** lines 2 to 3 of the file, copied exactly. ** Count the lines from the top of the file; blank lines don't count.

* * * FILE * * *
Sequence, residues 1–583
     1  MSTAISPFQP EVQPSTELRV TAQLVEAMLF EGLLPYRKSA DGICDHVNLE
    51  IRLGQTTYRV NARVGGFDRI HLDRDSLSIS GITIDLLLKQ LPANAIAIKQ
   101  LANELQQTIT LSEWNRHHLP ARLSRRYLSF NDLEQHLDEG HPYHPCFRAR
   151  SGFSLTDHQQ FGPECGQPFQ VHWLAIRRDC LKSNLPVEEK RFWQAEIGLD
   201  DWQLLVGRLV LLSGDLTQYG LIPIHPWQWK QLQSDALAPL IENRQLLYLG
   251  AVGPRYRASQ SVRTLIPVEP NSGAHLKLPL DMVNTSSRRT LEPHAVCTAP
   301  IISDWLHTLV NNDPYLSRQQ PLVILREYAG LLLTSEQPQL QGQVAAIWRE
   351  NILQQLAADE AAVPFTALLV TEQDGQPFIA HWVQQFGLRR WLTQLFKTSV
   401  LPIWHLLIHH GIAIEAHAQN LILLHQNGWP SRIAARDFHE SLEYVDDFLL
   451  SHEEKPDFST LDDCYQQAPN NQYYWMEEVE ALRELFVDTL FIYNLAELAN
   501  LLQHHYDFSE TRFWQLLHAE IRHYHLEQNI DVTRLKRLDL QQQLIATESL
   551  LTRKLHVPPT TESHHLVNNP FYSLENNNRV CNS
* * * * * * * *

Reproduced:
     1  MSTAISPFQP EVQPSTELRV TAQLVEAMLF EGLLPYRKSA DGICDHVNLE
    51  IRLGQTTYRV NARVGGFDRI HLDRDSLSIS GITIDLLLKQ LPANAIAIKQ